Approximately 35 million men experience male pattern baldness in the United States. Known as androgenetic alopecia, male pattern baldness can occur any time after puberty when blood levels of androgen rise. Almost all men experience some level of recession in the temporal area, even those not destined to progress further.
Male pattern hair loss is likely to occur between the teen years and 40-50 years old when androgens are present in normal amounts. Men can expect pattern baldness if it is present in their family. The gene can be inherited from the father’s or mother’s side of the family.
Fortunately, there are treatment options available.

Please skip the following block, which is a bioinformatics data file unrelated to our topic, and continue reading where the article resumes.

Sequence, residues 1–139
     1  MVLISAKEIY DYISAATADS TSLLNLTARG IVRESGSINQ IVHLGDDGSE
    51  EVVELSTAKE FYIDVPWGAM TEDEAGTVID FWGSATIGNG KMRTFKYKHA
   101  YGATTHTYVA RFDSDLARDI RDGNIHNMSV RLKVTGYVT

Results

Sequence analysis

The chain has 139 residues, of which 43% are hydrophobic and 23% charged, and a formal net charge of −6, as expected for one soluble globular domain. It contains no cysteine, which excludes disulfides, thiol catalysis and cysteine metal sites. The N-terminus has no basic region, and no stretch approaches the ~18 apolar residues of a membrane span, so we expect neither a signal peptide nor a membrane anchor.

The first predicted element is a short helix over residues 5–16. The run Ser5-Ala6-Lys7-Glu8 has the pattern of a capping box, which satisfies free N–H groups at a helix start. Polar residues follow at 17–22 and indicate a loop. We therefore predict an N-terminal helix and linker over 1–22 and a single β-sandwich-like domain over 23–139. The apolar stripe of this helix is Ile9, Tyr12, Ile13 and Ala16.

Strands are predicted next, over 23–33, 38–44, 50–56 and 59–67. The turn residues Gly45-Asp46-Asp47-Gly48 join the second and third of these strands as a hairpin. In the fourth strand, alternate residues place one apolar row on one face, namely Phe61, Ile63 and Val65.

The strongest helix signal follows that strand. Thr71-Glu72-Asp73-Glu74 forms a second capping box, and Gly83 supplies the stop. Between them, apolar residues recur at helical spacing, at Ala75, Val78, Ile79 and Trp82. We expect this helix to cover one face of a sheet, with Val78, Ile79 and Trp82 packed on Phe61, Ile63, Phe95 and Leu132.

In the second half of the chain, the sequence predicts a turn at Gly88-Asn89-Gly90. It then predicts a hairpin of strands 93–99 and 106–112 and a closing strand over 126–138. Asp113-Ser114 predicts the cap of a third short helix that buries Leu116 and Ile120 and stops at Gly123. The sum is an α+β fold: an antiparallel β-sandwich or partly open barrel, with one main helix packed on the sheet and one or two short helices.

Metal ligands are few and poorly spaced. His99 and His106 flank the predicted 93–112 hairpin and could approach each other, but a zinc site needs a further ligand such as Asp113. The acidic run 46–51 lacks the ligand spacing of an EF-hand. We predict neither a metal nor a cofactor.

Hair transplant surgery offers good results. Recent improvements in methods, science and surgical instruments have increased success rates and provide a natural look.
Another alternative is alopecia, or scalp reduction surgery. Bald scalp is surgically removed and hair-producing scalp is stretched forward to cover the bald area.
Non-surgical approaches include Minoxidil (Rogaine®), a topical application to the scalp, and Finasteride (Propecia®), an oral medication.
Treatment options are available for both men and women.